Political System: Parliament

Updated About encyclopedia.com content Print Article Share Article
views updated

Political System: Parliament

In India both the prime minister and the cabinet are subject, or "responsible," to control by Parliament. Indians were introduced to the institution of responsible parliamentary government by the British. The lineage of the Parliament of India created by the Constitution in 1950 includes the Indian Councils Act (1861), the Morley-Minto reforms (1909), the Montagu-Chelmsford reforms (1919), and the Government of India Act (1935). These various reforms each represented a gradual increase in the democratization and indigenization of responsible rule in India by the transfer of British imperial power to elected representatives of India, completed with independence and the adoption of parliamentary government modeled on that of Westminster.

The powers of the Indian parliament may be divided into legislative, financial, procedural, governmental, constitution-amending, and constitutive. Parliament enacts the law of the land, at least in theory. In reality, the legislative agenda is controlled by the government and usually rubber stamped by Parliament with the help of tightly maintained party discipline. If it chooses to act with the government, as is almost always the case, Parliament is all-powerful; if it chose to act independently of the government, Parliament would create confusion and unpredictability in the affairs of state; and by voting to act against the executive, Parliament indicates that a government has lost its confidence, bringing the business of that government to a standstill until new elections can be held.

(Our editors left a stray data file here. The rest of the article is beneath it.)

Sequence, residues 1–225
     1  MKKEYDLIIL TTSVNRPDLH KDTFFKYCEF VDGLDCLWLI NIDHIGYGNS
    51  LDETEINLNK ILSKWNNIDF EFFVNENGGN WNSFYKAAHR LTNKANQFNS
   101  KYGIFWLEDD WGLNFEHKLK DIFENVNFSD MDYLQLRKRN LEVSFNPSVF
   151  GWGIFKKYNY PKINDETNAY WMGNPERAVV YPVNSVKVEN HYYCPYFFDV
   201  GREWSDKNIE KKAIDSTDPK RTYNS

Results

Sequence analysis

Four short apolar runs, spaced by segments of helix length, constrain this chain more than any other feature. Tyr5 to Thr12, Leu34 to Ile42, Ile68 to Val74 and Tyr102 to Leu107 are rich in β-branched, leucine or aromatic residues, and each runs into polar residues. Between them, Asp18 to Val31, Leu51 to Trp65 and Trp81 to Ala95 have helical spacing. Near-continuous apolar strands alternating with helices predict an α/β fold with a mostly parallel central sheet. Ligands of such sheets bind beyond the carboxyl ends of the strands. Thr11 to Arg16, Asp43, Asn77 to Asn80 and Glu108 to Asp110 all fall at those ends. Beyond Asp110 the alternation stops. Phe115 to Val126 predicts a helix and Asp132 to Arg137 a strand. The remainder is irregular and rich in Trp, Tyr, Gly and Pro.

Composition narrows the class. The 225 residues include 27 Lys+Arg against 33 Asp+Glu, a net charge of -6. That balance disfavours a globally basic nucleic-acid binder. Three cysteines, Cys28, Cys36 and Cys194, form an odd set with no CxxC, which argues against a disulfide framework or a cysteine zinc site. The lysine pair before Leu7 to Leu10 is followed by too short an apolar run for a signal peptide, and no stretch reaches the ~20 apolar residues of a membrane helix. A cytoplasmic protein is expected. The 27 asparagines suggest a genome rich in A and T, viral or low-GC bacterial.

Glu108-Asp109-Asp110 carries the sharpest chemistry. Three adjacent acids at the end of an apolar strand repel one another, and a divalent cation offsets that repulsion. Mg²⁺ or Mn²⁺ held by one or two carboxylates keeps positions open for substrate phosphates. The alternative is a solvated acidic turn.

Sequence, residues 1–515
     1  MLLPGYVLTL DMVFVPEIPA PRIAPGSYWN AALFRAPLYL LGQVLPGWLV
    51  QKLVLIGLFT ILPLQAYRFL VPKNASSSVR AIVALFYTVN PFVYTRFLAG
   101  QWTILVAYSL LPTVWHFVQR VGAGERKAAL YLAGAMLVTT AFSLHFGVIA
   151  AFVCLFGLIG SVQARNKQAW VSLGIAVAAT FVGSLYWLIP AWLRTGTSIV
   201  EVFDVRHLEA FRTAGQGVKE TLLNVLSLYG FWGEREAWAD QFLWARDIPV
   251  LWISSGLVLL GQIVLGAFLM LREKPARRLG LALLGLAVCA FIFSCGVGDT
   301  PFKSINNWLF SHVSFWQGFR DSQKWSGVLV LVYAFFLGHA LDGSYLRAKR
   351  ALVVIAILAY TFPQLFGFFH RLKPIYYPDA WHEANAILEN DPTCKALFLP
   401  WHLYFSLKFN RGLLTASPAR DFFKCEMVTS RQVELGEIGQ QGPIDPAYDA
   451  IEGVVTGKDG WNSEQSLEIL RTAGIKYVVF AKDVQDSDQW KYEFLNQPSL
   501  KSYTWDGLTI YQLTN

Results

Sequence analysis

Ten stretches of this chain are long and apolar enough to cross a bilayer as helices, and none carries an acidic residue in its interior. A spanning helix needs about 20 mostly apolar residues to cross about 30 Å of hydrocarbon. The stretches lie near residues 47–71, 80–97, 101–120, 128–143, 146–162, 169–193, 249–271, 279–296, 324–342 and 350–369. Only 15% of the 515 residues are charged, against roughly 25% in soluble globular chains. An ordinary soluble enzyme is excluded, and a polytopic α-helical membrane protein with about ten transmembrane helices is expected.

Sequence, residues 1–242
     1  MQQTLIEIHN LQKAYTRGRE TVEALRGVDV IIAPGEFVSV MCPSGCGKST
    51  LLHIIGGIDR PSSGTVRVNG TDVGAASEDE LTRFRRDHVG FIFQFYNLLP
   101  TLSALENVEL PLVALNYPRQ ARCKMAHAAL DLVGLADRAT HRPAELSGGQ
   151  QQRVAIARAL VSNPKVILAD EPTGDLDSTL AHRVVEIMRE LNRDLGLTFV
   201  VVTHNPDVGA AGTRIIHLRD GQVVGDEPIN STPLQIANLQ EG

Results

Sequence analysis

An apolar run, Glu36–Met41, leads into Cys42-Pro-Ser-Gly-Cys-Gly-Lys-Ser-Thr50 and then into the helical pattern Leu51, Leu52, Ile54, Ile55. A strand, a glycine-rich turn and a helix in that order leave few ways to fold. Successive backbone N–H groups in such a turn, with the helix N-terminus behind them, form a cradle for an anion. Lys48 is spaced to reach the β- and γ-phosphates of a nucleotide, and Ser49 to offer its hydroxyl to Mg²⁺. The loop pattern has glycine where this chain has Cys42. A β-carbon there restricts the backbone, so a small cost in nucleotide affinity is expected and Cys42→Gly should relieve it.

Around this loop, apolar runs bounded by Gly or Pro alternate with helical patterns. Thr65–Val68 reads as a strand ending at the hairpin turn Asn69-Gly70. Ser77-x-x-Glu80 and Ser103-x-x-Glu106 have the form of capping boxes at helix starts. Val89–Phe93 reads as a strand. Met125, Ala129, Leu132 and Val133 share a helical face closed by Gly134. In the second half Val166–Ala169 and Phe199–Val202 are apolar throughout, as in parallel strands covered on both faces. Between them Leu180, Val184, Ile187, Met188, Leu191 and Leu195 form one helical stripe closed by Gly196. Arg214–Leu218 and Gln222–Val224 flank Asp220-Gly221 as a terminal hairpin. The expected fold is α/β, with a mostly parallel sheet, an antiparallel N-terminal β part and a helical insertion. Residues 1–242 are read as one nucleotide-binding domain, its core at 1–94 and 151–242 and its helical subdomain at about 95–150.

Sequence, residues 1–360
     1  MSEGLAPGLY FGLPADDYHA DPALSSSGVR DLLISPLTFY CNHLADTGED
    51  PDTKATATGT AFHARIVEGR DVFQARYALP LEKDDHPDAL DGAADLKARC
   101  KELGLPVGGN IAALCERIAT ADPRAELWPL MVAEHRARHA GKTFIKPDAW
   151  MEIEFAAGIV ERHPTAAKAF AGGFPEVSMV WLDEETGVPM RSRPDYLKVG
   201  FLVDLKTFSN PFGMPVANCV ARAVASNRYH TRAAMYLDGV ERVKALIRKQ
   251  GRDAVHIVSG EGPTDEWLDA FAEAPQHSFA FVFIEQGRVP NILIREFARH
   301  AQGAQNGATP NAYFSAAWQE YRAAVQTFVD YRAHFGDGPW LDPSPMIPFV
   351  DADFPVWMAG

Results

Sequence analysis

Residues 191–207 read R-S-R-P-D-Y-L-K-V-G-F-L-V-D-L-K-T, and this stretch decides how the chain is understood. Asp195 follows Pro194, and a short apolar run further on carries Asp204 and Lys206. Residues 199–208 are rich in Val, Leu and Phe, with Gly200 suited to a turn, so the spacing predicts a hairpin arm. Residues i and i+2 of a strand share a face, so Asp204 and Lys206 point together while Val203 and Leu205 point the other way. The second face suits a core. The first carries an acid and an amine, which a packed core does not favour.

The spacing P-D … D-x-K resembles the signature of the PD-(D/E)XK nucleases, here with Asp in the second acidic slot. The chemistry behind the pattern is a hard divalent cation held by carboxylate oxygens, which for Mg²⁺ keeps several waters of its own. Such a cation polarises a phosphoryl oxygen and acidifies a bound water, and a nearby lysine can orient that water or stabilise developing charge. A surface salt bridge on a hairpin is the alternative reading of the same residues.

The financial powers of Parliament empower it to raise and spend money as it sees fit, including discussion and approval of the annual budget, which is usually introduced in mid-February. Only Parliament has the authority to levy taxes and spend money from the consolidated fund. Its procedural powers are those that permit Parliament to make rules for the conduct of its own business. Parliament formally controls the reins of government in that the cabinet is required to have the confidence of the lower house, Lok Sabha, and is collectively responsible to Parliament. Under Article 368, Parliament is the main body for amending the Constitution of India. Under its constitutive powers, Parliament can legislate to admit or create new states into the union of India; to create a high court for a union territory, and to extend the jurisdiction of a high court to or restrict it from a union territory; and to create or abolish the upper house for a state of the union, with the consent of its lower house.